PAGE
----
Oct. 1 -  Broadmoor World Arena, Colorado Springs, CO 
Oct. 3 -  Denny Sanford Premier Center, Sioux Falls, SD 
Oct. 4 -  Scheels Arena, Fargo, ND* 
Oct. 5 -  The Armory, Minneapolis, MN 
Oct. 7 -  Resch Center, Green Bay, WI 
Oct. 14 - DeltaPlex Arena, Grand Rapids, MI 
Oct. 19 - Cross Insurance Arena, Portland, ME 
Oct. 21 - DCU Center, Worcester, MA 
Oct. 22 - The Oncenter, Syracuse, NY 
Oct. 24 - GIANT Center, Hershey, PA 
Oct. 25 - Cure Insurance Arena, Trenton, NJ 
Oct. 26 - Cool Insuring Arena, Glens Falls, NY

* Nothing More will not appear on this dat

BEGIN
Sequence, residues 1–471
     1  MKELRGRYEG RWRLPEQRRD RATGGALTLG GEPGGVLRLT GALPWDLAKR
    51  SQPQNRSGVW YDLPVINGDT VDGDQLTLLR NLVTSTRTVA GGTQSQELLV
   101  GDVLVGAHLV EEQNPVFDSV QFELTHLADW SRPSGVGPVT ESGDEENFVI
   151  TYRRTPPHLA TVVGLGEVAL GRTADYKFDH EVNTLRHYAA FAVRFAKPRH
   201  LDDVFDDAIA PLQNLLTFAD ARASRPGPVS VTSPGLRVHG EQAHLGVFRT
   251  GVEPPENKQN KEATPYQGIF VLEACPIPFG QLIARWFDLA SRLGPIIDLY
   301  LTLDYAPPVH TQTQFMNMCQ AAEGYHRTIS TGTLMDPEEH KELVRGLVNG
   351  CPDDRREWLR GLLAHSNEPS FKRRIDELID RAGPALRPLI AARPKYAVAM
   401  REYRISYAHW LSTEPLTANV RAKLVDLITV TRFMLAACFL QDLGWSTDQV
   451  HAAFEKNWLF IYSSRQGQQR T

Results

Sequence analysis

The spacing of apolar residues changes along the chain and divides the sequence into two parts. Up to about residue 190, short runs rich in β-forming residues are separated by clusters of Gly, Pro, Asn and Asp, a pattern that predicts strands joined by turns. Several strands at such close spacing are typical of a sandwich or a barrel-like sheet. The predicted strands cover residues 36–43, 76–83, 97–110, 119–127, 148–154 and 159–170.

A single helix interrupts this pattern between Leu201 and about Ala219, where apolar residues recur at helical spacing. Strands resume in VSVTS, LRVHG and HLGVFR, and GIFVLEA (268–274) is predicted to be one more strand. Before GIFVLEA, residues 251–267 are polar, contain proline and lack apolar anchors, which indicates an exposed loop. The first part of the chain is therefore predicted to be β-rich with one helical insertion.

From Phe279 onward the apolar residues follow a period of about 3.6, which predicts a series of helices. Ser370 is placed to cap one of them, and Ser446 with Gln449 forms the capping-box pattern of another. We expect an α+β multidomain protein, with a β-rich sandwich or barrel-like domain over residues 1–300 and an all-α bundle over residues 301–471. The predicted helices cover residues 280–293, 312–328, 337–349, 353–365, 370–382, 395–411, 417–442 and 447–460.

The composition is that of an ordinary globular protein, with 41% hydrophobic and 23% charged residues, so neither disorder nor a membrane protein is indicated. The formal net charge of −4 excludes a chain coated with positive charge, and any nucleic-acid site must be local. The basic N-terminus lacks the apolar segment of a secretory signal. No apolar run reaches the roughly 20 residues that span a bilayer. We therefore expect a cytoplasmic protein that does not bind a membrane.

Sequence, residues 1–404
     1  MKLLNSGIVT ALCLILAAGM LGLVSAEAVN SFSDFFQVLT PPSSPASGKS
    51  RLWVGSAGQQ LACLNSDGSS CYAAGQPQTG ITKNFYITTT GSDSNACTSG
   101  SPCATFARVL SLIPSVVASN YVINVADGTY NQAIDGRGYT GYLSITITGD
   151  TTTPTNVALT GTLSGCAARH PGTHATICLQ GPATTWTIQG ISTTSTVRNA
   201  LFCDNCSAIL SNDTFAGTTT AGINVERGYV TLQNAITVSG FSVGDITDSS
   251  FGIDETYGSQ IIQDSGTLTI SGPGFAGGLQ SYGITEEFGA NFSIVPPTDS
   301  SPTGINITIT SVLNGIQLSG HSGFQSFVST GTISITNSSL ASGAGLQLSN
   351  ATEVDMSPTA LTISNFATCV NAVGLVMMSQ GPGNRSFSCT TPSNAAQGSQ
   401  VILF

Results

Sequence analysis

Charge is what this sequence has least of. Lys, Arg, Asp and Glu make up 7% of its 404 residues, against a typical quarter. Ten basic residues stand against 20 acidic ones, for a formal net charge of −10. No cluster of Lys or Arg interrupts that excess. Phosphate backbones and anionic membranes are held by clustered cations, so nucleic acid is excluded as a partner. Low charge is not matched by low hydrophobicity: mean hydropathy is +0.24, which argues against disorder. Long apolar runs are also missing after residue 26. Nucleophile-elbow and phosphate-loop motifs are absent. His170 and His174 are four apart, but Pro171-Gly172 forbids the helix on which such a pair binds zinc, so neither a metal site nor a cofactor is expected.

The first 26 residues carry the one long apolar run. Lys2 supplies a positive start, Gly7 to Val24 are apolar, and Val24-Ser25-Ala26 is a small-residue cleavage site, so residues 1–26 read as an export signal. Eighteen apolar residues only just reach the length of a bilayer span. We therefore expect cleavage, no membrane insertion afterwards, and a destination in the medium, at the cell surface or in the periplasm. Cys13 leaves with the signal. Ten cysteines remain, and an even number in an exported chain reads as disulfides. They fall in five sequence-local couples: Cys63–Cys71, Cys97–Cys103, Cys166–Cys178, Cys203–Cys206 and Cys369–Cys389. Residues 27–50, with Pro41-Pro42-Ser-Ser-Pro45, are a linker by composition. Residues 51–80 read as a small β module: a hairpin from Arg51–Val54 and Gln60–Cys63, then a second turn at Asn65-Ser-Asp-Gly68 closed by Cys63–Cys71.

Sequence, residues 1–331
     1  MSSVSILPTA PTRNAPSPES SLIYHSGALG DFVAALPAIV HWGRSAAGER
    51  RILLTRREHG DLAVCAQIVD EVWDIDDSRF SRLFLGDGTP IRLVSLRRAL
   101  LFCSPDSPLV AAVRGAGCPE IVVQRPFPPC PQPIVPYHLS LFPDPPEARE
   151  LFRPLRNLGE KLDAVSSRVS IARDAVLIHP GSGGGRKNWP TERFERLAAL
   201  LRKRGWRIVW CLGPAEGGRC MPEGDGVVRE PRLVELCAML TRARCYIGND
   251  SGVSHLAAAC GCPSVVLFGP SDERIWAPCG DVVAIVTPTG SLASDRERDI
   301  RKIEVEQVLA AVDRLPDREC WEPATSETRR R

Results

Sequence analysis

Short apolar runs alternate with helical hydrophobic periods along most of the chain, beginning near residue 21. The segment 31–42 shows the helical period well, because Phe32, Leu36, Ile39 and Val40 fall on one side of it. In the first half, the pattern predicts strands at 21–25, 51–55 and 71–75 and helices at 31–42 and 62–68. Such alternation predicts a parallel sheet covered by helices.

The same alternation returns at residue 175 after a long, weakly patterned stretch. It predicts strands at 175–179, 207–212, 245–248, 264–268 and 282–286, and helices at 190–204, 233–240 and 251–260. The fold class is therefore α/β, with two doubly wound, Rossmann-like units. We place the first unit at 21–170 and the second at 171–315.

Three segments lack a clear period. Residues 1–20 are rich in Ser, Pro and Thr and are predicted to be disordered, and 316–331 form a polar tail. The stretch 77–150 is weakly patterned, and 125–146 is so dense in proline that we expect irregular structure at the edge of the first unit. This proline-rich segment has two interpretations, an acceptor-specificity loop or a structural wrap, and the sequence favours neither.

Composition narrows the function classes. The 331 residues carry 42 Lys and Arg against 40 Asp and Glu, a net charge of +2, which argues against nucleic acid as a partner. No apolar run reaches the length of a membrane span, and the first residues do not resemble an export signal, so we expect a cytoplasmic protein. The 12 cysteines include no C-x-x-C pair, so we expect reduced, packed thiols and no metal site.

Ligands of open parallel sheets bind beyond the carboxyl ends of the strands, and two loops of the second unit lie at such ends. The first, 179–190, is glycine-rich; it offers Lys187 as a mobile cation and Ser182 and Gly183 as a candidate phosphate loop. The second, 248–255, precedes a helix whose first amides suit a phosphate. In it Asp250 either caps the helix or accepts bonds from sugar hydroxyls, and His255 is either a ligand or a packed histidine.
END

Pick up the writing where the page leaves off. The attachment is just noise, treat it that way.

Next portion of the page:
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Def Leppard were officially inducted into the Rock N’ Roll Hall of Fame on March 29th.

Def Leppard frontman, Joe Elliott, delivered an acceptance speech on the band’s behalf (which included: guitarists Phil Collen and Vivian Campbell, bassist Rick Savage and drummer Rick Allen — along with founding guitarist Pete Willis and their late guitarist Steve Clark). Read Elliott’s speech below (via Rolling Stone)

“First of all, massive love and gratitude to our very dear friend Brian May for such a flattering introduction. We love you, mate, and congratulations on the incredible success of the movie. It couldn’t have happened to a nicer chap..

I’d also like to congratulate all our fellow inductees tonight, it’s a real honor to be able to share this stage with the likes of Roxy Music, Stevie Nicks and the Zombies, artists that we’ve admired from a distance for many, many years.